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Erin Kumpf Acupuncture & Herbs


Research Update – Acupuncture and Diabetes

A study published by the Healthcare Medicine Institute found acupuncture can effectively decrease symptoms of diabetes. This study actually looked at two clinical trials and determined both showed improvement for the participants. The first trial focused primarily on the usage of acupuncture, coupled with moxibustion. The second trial aimed to study diabetic gastroparesis and how it can be treated using acupuncture. Both trials concluded the overall symptoms of diabetes sufferers can be greatly decreased through the use of acupuncture and Traditional Chinese Medicine. The trial that used both acupuncture and moxibustion yielded an 84.78 percent efficacy rate for those diagnosed with yin deficient diabetes and a 69.75 percent efficacy rate for those diagnosed with yang deficient diabetes.

Acupuncture Outperforms Drugs for Diabetes

Chances are that you or someone you know has been affected by diabetes.  Diabetes is now labeled as an epidemic in the United States, with nearly 29 million Americans suffering from the disease and another 86 million on the verge of becoming diabetic, as they deal with prediabetes. According to the Centers for Disease Control, diabetes is the seventh leading cause of death in the United States and the leading cause of kidney failure, lower limb amputations and adult-onset blindness.

It’s an increasingly common condition—one that approximately 1.3 million people in the U.S. will be diagnosed with this year alone. While it is generally a long-term condition, diabetes can be managed through self-care, nutrition, and medication. Another safe, effective approach to managing diabetes and its symptoms is acupuncture. Acupuncture and Traditional Chinese Medicine (TCM) help promote health and well-being. Both can be used safely along with your current medical treatment to provide the best results for you.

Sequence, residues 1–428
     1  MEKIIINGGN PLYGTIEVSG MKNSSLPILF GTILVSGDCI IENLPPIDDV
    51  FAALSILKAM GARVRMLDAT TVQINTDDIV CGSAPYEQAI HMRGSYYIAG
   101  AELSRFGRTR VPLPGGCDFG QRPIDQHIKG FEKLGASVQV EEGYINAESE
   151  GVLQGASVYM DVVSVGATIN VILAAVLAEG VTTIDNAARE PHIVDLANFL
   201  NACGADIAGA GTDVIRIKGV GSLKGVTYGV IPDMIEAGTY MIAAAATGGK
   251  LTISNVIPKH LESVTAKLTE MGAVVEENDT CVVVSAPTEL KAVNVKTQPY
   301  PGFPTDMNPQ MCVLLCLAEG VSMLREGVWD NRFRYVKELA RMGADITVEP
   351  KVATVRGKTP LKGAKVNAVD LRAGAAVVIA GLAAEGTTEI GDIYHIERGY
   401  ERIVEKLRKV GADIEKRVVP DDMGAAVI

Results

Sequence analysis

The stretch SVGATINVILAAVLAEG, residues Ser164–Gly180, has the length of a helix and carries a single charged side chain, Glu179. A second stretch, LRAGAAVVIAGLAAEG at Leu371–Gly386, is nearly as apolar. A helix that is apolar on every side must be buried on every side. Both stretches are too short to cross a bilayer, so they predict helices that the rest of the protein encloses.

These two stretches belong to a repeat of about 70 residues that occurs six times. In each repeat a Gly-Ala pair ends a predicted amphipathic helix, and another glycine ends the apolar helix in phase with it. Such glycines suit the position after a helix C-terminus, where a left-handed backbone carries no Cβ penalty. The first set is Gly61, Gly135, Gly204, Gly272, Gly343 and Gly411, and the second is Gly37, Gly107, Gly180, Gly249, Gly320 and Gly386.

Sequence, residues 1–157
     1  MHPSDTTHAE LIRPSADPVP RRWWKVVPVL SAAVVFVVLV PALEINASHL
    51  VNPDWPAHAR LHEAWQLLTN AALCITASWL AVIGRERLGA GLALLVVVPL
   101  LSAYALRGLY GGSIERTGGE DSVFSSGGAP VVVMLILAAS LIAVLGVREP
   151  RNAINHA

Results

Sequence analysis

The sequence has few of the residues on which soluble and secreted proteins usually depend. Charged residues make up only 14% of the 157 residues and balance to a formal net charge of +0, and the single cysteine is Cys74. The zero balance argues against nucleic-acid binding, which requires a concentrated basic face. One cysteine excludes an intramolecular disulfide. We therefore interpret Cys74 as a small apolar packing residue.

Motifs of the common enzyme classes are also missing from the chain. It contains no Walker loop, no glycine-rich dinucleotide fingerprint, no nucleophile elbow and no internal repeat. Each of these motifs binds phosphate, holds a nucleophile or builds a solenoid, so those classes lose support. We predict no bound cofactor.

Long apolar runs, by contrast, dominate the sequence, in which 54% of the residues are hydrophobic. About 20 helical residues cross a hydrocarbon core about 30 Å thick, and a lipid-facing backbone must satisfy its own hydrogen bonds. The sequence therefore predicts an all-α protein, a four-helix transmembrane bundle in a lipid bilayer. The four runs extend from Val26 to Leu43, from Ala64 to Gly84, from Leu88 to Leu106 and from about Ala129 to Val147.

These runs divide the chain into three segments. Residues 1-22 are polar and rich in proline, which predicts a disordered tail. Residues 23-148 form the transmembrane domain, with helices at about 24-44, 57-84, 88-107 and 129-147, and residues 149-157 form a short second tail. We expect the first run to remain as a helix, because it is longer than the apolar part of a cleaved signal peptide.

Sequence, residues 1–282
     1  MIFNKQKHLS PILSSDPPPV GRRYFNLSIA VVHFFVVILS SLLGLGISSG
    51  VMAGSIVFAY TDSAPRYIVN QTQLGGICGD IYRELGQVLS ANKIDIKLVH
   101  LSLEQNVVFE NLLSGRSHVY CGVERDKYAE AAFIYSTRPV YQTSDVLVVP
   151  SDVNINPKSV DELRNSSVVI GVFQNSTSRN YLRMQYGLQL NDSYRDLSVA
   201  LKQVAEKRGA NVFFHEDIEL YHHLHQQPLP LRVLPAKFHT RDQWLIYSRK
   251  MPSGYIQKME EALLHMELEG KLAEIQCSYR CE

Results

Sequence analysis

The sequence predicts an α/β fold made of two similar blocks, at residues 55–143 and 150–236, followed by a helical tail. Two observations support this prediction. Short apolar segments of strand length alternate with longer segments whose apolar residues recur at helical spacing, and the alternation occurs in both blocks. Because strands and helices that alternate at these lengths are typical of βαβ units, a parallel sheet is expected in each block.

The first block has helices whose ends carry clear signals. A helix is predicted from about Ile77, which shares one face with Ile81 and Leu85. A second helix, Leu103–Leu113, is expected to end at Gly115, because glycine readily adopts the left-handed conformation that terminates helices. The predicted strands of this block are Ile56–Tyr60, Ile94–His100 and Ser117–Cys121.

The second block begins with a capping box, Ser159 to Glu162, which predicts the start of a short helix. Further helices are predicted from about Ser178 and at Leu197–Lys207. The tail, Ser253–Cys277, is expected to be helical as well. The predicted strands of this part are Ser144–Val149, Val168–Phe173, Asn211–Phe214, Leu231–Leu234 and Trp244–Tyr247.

Understanding a complex condition

The body gets its energy from food through the process of digestion. Food is broken down into glucose (or sugar) which passes into the bloodstream. Then the glucose is moved into muscle, fat, and liver cells by the hormone insulin, which is produced by the pancreas. However, if you have diabetes, your body either does not produce enough insulin, or doesn’t respond to it properly, and this leads to high levels of sugar in the blood.

Uncontrolled blood-sugar levels can cause serious complications if left untreated, including blindness, heart attack, stroke, kidney failure, amputations, and nerve damage.

Diabetes is caused by dysfunction of the pancreas. There are two forms of diabetes, type 1 and type 2.

Type I diabetes: Usually diagnosed during childhood, type I is a chronic, autoimmune disease in which the body’s immune system attacks insulin-producing cells in the pancreas. Symptoms usually come on suddenly, and treatment includes daily injections of insulin.

Symptoms of Type II Diabetes include:
  • Increased thirst
  • Increased urination
  • Increased appetite
  • Fatigue
  • Blurred vision
  • Slow-healing infections
  • Impotence in men

Type II diabetes: This type affects the way the body processes blood sugar or glucose.   It accounts for 90-95% of all diabetes cases, and is usually diagnosed during adulthood.  Type 2 diabetes is usually reversible through proper diet and exercise. Major risk factors include family history, having high blood pressure or high cholesterol and being overweight and sedentary.

Since symptoms may be mild, many people don’t know they have diabetes, which is why it’s important to get tested regularly, especially after age 45. Testing can also detect pre-diabetes, where blood sugar is high, but not yet at diabetic levels. With early detection and treatment, it is far easier to stop the disease from progressing, control your symptoms, and prevent complications. Treatments often include regular blood-sugar monitoring and daily injections of insulin and blood sugar monitoring, as well as diet and exercise.